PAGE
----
Ghost in the Shell isn’t the first attempt at adapting anime in live action – Attack on Titan, for example, was released in 2015, and Akira’s red motorcycle has stalled in various levels of development hell for more than a decade – but it’s by far the highest-profile Hollywood attempt. And while it’s not without glitches, the US film has enough flashy sci-fi action and dazzling visuals to suggest it might yet inspire a new wave of anime adaps.
Like Attack on Titan and Akira, Ghost in the Shell is technically adapted from the original manga comic books, but it takes liberal inspiration from the previous anime adaptation, while also drawing on elements from its sequel and TV spin-off. Indeed, the story will be familiar to anyone who saw Mamoru Oshii’s 1995 film.
Security task force Section 9 is a secret government division investigating cybercrime and terrorism. Major (Scarlett Johansson) is a cyborg, with a memory-wiped human brain controlling a wholly artificial body, created by Hanka Robotics.
‘Beat’ Takeshi Kitano (Zatoichi, Hana-bi), in only his third American film, plays Chief Daisuke Aramaki, who oversees the unit, which also includes burly Batou (Game of Thrones’ Pilou Asbæk), sporting the kind of angular blond haircut that wouldn’t look out of place in a 16-bit beat-’em-up. Major and the team are called in when a shady hacker known as Kuze (Michael Pitt) starts targeting Hanka employees.
Ghost 2017 thankfully streamlines some of the more impenetrable elements of the original, becoming easier to follow in the process – no prior knowledge of the franchise is required at the door. The story might be simple, but it remains timely, gesturing to themes of privacy, identity, immigration and terrorism.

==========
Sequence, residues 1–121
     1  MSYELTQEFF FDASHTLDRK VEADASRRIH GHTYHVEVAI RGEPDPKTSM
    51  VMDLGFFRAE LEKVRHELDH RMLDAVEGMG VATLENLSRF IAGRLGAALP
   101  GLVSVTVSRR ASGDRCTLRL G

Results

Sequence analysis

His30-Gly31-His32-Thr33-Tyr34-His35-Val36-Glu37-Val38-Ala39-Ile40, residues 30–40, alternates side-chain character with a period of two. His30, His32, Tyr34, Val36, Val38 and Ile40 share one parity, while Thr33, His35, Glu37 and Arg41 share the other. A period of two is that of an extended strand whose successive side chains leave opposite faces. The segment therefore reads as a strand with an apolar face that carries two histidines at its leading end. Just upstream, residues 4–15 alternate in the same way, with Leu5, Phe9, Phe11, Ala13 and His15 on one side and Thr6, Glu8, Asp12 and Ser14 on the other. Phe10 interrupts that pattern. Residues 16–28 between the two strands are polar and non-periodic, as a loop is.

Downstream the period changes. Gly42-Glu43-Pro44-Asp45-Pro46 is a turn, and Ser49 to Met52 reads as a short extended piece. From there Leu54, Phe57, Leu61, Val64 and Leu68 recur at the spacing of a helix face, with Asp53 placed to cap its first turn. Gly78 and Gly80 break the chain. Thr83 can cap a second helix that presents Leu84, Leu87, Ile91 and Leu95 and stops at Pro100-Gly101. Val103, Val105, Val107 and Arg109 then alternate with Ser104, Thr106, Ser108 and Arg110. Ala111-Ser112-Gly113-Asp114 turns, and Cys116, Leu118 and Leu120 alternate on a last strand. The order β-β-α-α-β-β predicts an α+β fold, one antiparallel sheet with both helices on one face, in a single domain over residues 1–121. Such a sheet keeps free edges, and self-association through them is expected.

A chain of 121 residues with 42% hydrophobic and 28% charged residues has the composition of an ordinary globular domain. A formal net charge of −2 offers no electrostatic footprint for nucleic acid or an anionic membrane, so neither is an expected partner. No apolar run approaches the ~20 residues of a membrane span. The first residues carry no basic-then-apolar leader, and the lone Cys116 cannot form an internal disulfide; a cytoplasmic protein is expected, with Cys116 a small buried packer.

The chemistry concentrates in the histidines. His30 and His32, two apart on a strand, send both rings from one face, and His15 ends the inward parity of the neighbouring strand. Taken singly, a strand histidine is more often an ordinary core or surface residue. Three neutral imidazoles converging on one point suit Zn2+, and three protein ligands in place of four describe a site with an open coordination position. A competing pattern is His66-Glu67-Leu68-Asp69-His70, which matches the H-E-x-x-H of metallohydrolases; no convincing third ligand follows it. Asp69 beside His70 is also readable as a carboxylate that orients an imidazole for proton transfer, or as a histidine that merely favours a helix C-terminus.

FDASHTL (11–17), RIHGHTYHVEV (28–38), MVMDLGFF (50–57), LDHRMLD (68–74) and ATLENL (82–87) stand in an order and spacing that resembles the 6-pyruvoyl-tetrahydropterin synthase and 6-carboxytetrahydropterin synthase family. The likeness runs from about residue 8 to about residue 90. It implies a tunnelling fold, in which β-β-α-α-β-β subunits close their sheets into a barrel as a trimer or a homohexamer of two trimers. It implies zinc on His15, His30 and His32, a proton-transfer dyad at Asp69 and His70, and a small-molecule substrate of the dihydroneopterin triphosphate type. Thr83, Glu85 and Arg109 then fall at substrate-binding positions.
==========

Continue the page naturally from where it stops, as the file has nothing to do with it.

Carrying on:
Ultimately, it’s just an excuse to enter the jaw-to-the-floor-stunning visual world that’s been created by director Rupert Sanders () and co. It’s the most staggeringly detailed and impressively realised sci-fi location since James Cameron welcomed audiences to Pandora, and one of the few recent blockbusters to benefit from the 3D treatment.
From run-down neon-tinged streets to gleaming corridors and floating holo-ads, the stereoscopy boosts the immersion in the tangible environments. It’s not just the near-future, presumably-near-Tokyo-but-not-specified cityscape that impresses. The gadgetry will also have your eyeballs bulging.
In the pre-credits opening, as Major’s body is created (one of several visual cues directly invoking the anime), she’s surrounded by a phalanx of medical technicians kitted out with vital-sign-measuring holographic visors. It’s one of many neat details (cybernetic enhancements, a scuttling arachnid geisha-bot) that help bring the grimy retro-future metropolis to life.
Johansson wears a “thermo-optical camouflage” skin-suit that can turn her invisible, and it at least provides her with a little more modesty than the anime’s fully nude Major. Most of the (well-staged) action scenes have Johansson at the centre, and she acquits herself admirably in the ass-kicking department, having already proven her abilities as the MCU’s Black Widow.
The casting of a caucasian lead caused a ‘whitewashing’ controversy that’s continued to plague the film, but the narrative does at least provide a reason for the change [withheld for now to prevent spoilers] that may or may not offer some placation.
By necessity of the plot, Major remains a mostly blank slate throughout. It’s a controlled performance by Johansson, who captures the character’s uncanny emptiness, even if the result is that she’s not the easiest central character to root for, even as flashes (or “ghosts”) of her previous life start appearing before her eyes.
As such, the film lacks an emotional anchor, and some of the reveals don’t give the feels like they should. It doesn’t help that the plot is join-the-dots predictable for the most part, even if you’ve not seen the original (or indeed the no-surprises-left-unspoiled trailer). Pitt’s Kuze, for example, feels more effective when he’s skulking in the shadows, and the final showdown would have benefited from more oomph.
If Ghost never feels fully original – you’ll constantly be reminded of other sci-fis besides 1995’s Ghost, and the final voiceover feels cribbed from Batman Begins – it benefits from feeling self-contained, and moves with much more zip than Sanders’ gloomy . This is a rare blockbuster that doesn’t sacrifice its standalone quality in a bid to build a franchise. Though if this does end up warranting a follow-up, we wouldn’t need any convincing to dive back into this world.